The Thinking Hats process is a method for reflecting and solving problems based on a simple premise: avoid censuring new ideas even if they are unique, unusual or disturbing.
Edward de Bono is a Maltese psychologist who specialises in cognitive sciences. In the 1980s, he observed that when we have to tackle an issue, we tend to be overwhelmed by a huge flood of ideas. Our thought patterns are unconsciously influenced by our beliefs, emotions and personal feelings.
If we do not structure how we reflect on something, we will not follow a very logical thinking process, which makes it difficult to address problems. To solve this issue, de Bono developed a new thinking process.
What are the basics of this method?
For de Bono, the idea is simple: we need to divide our thinking into six distinct phases. Each phase is represented by a different colour hat, representing a specific thinking role. During the reflection process, each participant will take their turn putting on each of the hats and sharing their views.
By thinking in a different way, the team will be able to consider the issue from all angles. Each hat enables participants to take on a different thinking role. Let’s look at how this method can be used to bring out new ideas.
Blue Hat: represents organisation. This is where thinking will start. It will set the context, objectives and session guidelines.
White hat: represents neutrality. Here each participant will only state the facts. This can include information, data or useful standards, regulations or laws related to the issue.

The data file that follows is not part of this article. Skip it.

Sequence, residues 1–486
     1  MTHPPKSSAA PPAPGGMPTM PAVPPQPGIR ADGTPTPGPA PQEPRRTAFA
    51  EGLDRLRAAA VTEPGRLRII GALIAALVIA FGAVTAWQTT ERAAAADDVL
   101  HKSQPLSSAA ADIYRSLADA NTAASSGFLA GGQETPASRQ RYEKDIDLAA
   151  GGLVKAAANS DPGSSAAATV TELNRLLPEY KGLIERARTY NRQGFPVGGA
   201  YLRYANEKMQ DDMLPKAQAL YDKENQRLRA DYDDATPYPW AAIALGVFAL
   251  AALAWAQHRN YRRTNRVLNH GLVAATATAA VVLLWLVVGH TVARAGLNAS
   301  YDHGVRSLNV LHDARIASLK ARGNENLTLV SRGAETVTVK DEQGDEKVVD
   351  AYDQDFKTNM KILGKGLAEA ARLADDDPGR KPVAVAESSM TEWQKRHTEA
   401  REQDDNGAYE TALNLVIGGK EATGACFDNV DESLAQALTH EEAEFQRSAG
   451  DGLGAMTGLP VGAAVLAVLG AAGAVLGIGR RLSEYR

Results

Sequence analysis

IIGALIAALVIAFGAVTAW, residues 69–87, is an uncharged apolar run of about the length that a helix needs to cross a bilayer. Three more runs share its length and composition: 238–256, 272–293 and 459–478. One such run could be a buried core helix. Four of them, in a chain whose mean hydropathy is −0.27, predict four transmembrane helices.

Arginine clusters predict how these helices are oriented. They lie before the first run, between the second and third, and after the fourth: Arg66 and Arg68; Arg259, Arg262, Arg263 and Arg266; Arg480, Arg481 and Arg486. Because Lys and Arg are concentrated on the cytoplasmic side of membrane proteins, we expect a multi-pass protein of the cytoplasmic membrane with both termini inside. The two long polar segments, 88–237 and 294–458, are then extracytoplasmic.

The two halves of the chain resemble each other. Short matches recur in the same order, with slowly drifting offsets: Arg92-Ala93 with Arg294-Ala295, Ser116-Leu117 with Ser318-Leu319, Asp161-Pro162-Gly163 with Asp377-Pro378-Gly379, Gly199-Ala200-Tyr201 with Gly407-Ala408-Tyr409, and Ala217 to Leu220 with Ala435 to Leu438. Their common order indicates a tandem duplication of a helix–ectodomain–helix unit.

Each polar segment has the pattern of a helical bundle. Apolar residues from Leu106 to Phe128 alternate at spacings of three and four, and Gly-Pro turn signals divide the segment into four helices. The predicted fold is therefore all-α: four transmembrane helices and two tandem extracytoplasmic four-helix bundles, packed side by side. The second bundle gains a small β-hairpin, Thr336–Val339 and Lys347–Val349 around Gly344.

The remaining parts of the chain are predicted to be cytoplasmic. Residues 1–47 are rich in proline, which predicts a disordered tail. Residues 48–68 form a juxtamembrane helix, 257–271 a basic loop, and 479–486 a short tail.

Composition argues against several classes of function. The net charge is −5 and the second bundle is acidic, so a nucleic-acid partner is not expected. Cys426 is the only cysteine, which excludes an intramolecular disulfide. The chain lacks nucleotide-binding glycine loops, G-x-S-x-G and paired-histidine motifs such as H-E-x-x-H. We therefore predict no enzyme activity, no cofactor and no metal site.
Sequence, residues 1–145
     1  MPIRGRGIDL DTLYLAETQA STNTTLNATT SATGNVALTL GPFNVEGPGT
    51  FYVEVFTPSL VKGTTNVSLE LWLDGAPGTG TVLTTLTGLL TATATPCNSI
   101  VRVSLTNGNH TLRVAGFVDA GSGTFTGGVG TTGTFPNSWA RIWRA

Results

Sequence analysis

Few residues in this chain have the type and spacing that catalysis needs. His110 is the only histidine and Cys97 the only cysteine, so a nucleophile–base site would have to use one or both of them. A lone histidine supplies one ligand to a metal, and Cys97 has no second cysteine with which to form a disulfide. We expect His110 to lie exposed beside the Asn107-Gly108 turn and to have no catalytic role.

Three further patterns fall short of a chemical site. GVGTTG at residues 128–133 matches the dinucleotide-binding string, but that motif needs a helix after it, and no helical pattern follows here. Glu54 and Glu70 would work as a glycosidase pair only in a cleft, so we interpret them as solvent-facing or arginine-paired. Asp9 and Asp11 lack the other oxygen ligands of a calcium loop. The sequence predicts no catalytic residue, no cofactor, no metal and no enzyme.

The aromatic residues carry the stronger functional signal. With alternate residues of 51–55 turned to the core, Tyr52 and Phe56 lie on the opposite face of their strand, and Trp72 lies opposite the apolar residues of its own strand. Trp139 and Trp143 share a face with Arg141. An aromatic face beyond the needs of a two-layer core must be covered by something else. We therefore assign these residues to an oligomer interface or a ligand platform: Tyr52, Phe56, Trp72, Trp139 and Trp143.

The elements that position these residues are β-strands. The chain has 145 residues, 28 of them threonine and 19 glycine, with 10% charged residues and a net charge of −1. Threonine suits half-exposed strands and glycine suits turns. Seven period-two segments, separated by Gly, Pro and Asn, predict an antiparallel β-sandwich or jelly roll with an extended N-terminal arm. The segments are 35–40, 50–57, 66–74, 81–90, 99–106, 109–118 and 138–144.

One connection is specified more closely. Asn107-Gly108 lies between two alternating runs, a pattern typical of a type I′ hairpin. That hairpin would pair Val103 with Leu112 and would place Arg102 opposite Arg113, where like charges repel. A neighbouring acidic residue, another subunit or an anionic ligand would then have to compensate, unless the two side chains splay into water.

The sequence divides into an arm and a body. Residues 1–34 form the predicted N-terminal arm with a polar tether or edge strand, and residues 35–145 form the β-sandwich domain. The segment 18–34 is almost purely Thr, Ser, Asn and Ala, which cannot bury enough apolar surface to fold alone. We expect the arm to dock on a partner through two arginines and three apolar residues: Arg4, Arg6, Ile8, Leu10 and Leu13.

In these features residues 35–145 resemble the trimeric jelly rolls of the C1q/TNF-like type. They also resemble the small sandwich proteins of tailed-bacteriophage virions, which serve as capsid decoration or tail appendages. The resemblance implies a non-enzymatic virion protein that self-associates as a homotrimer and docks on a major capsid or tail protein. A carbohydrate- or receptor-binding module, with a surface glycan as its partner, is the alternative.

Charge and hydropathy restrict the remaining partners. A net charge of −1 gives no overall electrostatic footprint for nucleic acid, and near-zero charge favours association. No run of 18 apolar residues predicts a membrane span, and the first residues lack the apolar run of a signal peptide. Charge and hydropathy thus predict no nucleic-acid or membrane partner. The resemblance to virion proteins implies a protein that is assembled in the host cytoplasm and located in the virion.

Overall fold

Red hat: represents feelings and intuition. Each participant will share how they feel about the topic and what the issue brings up for them in terms of convictions, intuition and emotions.
Black hat: represents pessimism. Participants will be able to bring up all of the subject’s negative aspects by discussing the barriers, inconveniences and obstacles.
Yellow hat: describes optimism. Once the risks are identified, the discussion turns to the advantages, benefits and all of the positive and constructive elements.
Green hat: designates creativity. By creating space for imagination, we make it possible to explore other paths and suggestions that are often limitless but still focused on the project’s ideal aspects.
Once each hat has led the discussion, put the organiser blue hat back on to summarise key takeaways, identify next steps and choose which action plan to follow.
Why use this method?
- Boost creativity
When we think about aspects we haven’t previously considered, we have the opportunity to think differently, reflect deeply and allow room to innovate and take a step back.
- Increase efficiency
This thinking process enables you to more quickly and easily consider all perspectives on a project. You can make decisions faster and communicate better after having discussed as many options as possible.
- Generate new ideas
Using the thinking hats generates a comprehensive brainstorming session that covers the maximum number of potential alternatives. Many relevant ideas on other topics can emerge through all of the things you reflect on.
With Beekast, you can follow the six Thinking Hats process with ready-to-use inspiration templates. Want to try it out? Create your free account!